Arrested at Logan Airport: Man Accused of Bombing Wisconsin Anti-Abortion Office

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Arrested at Logan Airport: Man Accused of Bombing Wisconsin Anti-Abortion Office

After nearly a year of looking, authorities finally found the man they think was responsible for the firebombing of a well-known Wisconsin anti-abort

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After nearly a year of looking, authorities finally found the man they think was responsible for the firebombing of a well-known Wisconsin anti-abortion lobbying group’s workplace using DNA taken from a half-eaten burrito.

Police detained 29-year-old Hridindu Sankar Roychowdhury on Tuesday at Boston’s Logan International Airport, according to the U.S. attorney’s office in Madison. One count of trying to cause damage with fire or an explosive was laid against him in the complaint.

On Tuesday, he made his opening court appearance in Boston’s federal court. On Thursday, U.S. Magistrate Judge Donald L. Cabell scheduled a custody hearing. Brendan O. Kelley, who is identified as a federal public defender in online court records for Roychowdhury, declined to speak when contacted by phone following the hearing on Tuesday.

For almost a year, federal agents have been looking for the person who on May 6 threw two Molotov cocktails into the Wisconsin Family Action headquarters in Madison. One of the firebombs failed to catch fire, while the other one burned a bookshelf. On the outside of the building was spray-painted the phrase “If abortions aren’t safe then you aren’t either.” The office was empty at the moment.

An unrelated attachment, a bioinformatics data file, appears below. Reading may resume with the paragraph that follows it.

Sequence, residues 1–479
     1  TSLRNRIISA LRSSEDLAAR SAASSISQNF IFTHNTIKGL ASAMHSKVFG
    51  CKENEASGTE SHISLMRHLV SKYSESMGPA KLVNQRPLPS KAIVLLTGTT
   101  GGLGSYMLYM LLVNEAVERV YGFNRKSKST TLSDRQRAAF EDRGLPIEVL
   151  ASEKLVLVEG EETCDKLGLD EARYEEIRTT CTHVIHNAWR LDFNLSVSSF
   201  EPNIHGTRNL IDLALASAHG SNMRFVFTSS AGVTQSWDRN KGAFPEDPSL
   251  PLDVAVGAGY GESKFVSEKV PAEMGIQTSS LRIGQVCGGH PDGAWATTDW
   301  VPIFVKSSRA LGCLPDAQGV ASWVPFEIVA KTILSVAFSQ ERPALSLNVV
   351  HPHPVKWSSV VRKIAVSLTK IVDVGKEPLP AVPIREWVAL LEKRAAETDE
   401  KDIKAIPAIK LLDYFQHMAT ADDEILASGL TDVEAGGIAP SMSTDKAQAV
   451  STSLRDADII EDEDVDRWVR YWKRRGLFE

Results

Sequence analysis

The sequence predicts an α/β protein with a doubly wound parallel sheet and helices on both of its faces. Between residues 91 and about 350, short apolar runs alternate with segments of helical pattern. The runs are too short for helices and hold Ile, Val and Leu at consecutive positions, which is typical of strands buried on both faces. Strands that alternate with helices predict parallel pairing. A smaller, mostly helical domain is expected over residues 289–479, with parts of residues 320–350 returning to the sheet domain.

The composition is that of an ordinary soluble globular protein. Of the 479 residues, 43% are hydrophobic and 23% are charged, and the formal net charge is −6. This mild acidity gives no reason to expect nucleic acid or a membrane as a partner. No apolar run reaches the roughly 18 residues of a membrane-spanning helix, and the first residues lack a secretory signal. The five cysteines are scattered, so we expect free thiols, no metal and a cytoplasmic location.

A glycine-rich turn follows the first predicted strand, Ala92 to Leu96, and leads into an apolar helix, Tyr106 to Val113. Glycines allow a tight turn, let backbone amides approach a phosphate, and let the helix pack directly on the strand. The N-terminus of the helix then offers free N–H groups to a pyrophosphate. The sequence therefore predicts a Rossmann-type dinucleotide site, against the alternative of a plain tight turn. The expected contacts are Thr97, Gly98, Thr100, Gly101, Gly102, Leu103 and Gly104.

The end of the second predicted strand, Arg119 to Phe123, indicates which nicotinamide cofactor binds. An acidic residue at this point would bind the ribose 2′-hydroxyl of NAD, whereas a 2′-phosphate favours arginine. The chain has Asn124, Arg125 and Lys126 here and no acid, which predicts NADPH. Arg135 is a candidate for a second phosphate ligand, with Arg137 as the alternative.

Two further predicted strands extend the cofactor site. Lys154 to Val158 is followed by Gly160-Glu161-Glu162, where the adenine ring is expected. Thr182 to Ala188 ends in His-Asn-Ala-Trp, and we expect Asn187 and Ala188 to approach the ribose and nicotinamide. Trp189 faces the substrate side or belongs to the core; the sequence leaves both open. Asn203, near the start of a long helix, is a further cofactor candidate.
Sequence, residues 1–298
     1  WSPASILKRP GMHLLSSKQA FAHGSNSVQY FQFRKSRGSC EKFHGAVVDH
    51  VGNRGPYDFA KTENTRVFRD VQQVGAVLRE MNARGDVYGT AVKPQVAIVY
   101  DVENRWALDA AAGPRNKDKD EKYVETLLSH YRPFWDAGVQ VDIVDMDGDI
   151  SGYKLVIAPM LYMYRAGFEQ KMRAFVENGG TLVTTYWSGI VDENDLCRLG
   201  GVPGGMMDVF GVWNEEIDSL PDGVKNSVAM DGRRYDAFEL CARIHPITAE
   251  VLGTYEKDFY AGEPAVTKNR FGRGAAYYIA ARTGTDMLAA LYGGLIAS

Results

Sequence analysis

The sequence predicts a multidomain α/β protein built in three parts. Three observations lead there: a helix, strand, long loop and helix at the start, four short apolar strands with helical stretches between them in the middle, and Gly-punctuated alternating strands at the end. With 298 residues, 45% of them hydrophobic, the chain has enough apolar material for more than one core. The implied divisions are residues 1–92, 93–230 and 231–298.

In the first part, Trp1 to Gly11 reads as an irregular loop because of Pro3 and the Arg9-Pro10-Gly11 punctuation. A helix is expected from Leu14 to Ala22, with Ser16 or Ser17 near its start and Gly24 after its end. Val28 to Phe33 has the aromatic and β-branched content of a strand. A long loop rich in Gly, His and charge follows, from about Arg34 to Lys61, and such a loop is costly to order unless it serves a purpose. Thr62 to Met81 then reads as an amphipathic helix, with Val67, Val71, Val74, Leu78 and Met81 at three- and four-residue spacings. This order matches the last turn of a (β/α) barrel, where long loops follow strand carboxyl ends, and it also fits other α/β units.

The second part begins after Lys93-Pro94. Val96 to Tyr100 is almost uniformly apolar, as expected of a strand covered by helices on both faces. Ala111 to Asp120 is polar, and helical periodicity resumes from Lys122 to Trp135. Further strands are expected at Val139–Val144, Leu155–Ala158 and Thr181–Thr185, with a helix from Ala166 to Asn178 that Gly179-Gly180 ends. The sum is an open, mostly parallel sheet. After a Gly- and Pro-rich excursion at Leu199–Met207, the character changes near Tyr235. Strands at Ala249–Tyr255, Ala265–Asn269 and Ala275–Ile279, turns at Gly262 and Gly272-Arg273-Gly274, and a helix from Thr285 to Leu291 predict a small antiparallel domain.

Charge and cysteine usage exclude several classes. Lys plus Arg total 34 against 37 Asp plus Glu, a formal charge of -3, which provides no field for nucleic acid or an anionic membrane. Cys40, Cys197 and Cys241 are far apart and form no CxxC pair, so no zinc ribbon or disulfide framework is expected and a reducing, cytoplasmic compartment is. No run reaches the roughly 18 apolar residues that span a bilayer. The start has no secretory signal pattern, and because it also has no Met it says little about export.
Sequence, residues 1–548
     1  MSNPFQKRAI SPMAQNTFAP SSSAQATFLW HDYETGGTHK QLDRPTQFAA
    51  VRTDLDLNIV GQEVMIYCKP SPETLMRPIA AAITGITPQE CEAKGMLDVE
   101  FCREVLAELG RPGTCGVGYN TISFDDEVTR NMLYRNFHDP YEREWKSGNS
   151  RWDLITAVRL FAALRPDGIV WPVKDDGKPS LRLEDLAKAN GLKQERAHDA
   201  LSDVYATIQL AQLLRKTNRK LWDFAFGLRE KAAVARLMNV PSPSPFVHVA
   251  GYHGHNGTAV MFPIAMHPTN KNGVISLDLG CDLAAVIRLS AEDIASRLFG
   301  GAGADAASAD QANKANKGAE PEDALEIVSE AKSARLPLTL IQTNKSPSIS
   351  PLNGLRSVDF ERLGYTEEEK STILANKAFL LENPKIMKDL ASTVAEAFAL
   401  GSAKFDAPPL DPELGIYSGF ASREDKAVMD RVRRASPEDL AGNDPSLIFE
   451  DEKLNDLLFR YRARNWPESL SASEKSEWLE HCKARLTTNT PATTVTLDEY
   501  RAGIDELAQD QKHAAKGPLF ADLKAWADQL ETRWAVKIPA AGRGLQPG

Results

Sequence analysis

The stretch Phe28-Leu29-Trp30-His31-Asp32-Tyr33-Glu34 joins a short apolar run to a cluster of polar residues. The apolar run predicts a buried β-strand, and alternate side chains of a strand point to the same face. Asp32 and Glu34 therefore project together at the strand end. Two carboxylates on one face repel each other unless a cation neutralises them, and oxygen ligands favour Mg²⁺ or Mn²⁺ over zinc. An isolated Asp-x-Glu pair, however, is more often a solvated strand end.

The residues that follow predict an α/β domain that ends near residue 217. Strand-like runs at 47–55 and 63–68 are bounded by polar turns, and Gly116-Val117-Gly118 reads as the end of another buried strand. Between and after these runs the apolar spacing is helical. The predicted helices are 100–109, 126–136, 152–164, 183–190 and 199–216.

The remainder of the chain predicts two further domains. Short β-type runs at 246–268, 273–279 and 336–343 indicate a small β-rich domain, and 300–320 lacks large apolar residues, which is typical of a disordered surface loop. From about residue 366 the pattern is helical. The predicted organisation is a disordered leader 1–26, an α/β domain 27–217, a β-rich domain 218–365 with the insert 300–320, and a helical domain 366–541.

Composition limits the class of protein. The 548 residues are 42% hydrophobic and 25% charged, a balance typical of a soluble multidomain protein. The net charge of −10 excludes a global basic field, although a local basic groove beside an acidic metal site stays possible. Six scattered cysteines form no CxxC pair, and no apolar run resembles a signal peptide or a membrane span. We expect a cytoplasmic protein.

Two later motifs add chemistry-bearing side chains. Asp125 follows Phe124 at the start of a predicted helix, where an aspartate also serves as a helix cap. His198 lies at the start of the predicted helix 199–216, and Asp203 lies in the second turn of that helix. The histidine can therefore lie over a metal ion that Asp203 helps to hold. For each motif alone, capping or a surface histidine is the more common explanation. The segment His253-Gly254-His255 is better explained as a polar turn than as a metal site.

A draft opinion indicating that the Supreme Court would reverse Roe v. Wade, the ruling that legalized abortion, leaked a week prior to the assault. Supporters of abortion rights staged demonstrations across the nation in response to the publication. The days before the Madison firebombing saw vandalism at two Catholic churches in Colorado. A few days later, someone attacked the headquarters of an anti-abortion group in a Salem, Oregon, suburb with Molotov cocktails.

In June, the court formally reversed Roe v. Wade, restoring Wisconsin’s 1849 abortion prohibition.

The criminal complaint against Roychowdury claims that three DNA samples were taken from the scene of the Wisconsin assault from the evidence. However, none of the identities in the DNA database of the US Department of Justice matched the samples.

As time went on, Julaine Appling, the president of Wisconsin Family Action, announced a $5,000 reward for any intelligence resulting in an arrest. She charged that Democratic Gov. Tony Evers and Madison Police Chief Shon Barnes were more concerned with showing sympathy to pro-abortion advocates than with apprehending any suspects.

Police guarding the state Capitol in Madison last January watched surveillance footage of a demonstration against police violence. On Capitol grounds, several individuals were seen in the video spray-painting graffiti. The writing on the wall matched the writing on the Wisconsin Family Action workplace wall.

Per the complaint, the surveillance video showed two individuals leaving the area in a white pickup truck, which investigators were able to locate at Roychowdhury’s home in Madison. Police started pursuing him.

On March 1, he stopped at a park-and-ride in Madison and tossed a bag of fast food into the trash. Police retrieved the bag from the trash can after he departed. According to the lawsuit, DNA on a burrito in the bag matched DNA taken from the Wisconsin Family Action office.

According to a statement from the U.S. attorney’s office, Roychowdhury visited Madison this month on his way to Portland, Maine. When he was detained, he had a one-way ticket for a trip from Boston to Guatemala City, which was set to take off Tuesday morning, according to the office.

Based on the lawsuit, investigators were unable to connect the two additional DNA profiles to a specific person.

Tuesday, Appling remained silent in regards to Roychowdhury’s detention.

“I’m very proud of the tireless and determined efforts the combined federal, state and local team put in to identify and arrest this individual,” William McCrary said. McCrary is the special agent in charge of the U.S. Bureau of Alcohol, Tobacco and Firearms and Explosives’ St. Paul Field Division. “It is very satisfying to me to see that this alleged perpetrator has been placed in custody.”